Let me start off by being very clear. Google is not getting rid of PageRank in favor of the +1 button. Google is, however, looking at the data from the +1 button as a signal of content quality, and +1s will no doubt continue to be largely coveted by webmasters and content creators web-wide.
It’s been pretty clear since Google first announced the +1 button (even before they announced Google+) that the feature was designed to send Google signals for quality content. It was essentially billed as a way for web users to tell Google when a piece of content is good enough to be considered a good search result.
Wired is running a story now saying that Google has confirmed its plans of turning the button into “a crowdsourcing tool that helps re-order search results and fight web spam”.
“Google will study the clicks on +1 buttons as a signal that influences the ranking and appearance of websites in search results,” a Google spokesperson is quoted as saying. “The purpose of any ranking signal is to improve overall search quality. For +1’s and other social ranking signals, as with any new ranking signal, we’ll be starting carefully and learning how those signals are related to quality.”
Of course it is unwise to place too much emphasis on just a single ranking signal. At least that’s what Google would have webmasters believe. They’re tossing around very similar language with regard to the +1 button ranking as they historically have when people worry about PageRank too much: “There are more than 200 signals that we use to determine the rank of a website, and last year we made more than 500 improvements to the algorithm.”
Just as you’ve seen plenty trying to boost their PageRank through black hat tactics, it does not seem unreasonable to assume that these same people will try to exploit the +1 button. A major weapon against this that Google has is its strict Google+ account name policy, which has been a bit controversial thus far.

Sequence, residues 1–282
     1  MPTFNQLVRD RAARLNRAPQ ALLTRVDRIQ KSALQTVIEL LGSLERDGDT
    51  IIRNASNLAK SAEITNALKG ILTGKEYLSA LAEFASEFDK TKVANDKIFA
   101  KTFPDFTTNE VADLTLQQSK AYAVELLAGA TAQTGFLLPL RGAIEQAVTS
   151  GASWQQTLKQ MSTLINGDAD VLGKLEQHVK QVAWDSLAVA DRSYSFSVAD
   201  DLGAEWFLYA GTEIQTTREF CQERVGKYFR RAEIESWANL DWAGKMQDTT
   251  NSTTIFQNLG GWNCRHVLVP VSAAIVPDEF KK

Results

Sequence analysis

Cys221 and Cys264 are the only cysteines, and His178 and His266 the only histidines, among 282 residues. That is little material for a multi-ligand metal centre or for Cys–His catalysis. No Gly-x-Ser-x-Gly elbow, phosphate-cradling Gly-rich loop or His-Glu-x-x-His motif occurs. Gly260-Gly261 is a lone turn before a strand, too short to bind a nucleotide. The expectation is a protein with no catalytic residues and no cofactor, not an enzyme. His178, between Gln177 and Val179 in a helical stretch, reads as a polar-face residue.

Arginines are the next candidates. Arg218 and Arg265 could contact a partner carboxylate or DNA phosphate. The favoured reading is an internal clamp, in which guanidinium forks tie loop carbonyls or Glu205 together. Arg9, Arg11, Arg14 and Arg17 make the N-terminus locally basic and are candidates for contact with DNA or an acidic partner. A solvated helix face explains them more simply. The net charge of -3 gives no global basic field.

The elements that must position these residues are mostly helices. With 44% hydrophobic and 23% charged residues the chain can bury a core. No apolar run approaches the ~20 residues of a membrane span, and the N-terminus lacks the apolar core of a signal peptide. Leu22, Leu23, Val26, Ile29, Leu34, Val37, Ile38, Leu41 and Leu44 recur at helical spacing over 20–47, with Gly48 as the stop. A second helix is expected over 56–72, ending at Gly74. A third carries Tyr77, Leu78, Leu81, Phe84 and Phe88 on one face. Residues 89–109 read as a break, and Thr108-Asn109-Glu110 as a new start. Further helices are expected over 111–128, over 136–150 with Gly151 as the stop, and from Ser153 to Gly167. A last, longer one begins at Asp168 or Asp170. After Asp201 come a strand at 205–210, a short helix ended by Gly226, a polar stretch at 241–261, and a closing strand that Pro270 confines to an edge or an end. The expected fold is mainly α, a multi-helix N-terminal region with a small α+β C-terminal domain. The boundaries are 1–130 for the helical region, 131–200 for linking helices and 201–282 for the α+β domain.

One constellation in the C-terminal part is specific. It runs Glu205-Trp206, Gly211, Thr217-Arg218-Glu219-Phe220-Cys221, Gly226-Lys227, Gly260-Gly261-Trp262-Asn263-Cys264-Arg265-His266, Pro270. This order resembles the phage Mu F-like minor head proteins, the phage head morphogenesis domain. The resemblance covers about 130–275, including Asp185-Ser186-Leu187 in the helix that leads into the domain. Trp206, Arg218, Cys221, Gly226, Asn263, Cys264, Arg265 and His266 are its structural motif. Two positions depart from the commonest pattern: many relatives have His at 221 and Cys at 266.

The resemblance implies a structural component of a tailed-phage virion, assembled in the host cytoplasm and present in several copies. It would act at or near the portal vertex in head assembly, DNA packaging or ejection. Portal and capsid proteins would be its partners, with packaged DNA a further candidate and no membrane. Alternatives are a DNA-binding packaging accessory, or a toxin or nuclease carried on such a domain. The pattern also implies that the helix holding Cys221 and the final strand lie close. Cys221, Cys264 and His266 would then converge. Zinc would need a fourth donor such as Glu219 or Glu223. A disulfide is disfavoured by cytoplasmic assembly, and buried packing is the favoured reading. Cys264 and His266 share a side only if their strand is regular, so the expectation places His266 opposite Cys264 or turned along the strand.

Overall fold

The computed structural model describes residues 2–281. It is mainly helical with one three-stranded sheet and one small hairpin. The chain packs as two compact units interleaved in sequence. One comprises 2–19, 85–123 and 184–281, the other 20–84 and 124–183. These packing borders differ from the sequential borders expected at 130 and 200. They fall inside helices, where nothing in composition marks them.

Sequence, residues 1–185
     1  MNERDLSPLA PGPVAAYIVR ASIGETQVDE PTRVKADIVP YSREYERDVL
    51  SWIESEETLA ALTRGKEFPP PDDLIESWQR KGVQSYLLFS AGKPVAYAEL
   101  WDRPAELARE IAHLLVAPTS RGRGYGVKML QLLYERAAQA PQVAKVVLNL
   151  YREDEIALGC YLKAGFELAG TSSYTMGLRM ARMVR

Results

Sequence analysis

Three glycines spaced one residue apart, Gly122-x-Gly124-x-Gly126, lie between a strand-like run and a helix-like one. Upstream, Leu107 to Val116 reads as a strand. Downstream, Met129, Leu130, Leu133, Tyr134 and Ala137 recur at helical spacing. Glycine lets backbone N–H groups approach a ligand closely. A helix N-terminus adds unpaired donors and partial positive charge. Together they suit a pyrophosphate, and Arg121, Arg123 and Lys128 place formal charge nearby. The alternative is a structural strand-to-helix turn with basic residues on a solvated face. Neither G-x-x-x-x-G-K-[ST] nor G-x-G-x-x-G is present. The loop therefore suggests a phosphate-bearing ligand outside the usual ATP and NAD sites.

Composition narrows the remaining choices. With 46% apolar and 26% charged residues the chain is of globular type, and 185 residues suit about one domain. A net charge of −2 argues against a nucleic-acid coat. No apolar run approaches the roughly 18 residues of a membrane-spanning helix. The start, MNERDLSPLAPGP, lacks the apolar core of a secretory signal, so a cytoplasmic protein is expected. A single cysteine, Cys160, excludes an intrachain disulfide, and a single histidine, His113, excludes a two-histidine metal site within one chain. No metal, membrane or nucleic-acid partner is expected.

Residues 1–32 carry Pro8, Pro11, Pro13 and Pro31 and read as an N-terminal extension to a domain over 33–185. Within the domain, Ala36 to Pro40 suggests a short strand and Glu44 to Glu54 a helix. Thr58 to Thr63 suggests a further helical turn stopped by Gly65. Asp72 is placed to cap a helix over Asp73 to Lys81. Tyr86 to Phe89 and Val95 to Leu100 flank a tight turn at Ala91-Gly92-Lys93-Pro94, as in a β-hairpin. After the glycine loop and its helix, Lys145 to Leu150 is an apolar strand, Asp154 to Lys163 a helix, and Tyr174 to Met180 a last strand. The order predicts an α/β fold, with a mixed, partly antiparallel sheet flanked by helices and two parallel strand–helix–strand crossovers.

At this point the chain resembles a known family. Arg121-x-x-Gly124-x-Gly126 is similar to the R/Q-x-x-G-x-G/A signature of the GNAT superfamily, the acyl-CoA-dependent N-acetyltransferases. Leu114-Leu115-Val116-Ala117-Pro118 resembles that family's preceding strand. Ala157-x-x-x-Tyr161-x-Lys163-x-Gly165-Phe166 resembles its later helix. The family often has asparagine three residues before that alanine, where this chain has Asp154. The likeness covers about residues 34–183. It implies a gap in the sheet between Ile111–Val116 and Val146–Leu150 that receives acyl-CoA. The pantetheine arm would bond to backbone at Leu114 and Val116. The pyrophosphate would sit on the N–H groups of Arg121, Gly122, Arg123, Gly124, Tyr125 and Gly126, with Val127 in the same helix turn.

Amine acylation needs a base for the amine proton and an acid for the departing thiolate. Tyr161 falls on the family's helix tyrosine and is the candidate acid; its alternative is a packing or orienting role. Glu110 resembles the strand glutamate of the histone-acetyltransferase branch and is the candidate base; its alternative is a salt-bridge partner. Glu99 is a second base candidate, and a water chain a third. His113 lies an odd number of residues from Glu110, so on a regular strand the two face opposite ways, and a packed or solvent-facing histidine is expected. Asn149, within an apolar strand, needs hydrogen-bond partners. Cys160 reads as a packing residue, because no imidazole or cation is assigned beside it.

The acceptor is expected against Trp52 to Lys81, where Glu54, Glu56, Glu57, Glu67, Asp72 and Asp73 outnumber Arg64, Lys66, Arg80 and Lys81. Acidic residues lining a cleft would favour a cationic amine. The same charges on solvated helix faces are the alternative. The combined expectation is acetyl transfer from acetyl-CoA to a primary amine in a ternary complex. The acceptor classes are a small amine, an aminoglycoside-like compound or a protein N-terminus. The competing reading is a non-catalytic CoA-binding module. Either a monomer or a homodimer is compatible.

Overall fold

It became clear in recent days that Google+ is all about identity as far as Google is concerned. Eric Schmidt drove this point home, as discussed here. While this makes sense for a variety of reasons (including the potential integration of Google+ with products like Google Wallet), it also makes a great deal of sense in that it shows Google exactly who is +1ing what, which should in turn help them enforce any policy (current or future) concerning abuse of the button for gaming search.
In terms of white hat tactics, you may do well to consider things like this research comScore just shared. +1′s now mean more sharing of content to the actual Google+ network – people’s circles, which should (in theory) translate to increased traffic from Google+ itself. So, it may help to know about the kinds of people who are using Google+, as opposed to Facebook, for example. comScore’s data looks at those searches containing the Google+ and Facebook brands. It’s probably not exact, but many of those searching for Google+ content are likely going to be users of the service.
“The most striking differences between Google+ searchers and Facebook searchers are in Age and Income level,” says Eli Goodman, who leads the business development team at comScore. “Google+ searchers overwhelmingly skew towards 18-34 year olds. Clearly Google+ is a popular brand with the younger segments, and good knowledge for Google to have as they develop their acquisition strategy and evolve their user base. Since Facebook is a much more mature brand in the social networking space, their search audience falls closely in line with the search population at large.”
“The income skews are even more distinct, essentially polar opposites of each other,” he adds. “More than 32% of Google+ searchers have a household income of $100K or greater, compared to 23% of Facebook searchers. Google+ is definitely off to a fast start in reaching the most desirable income segments, which may make it more attractive to advertisers.”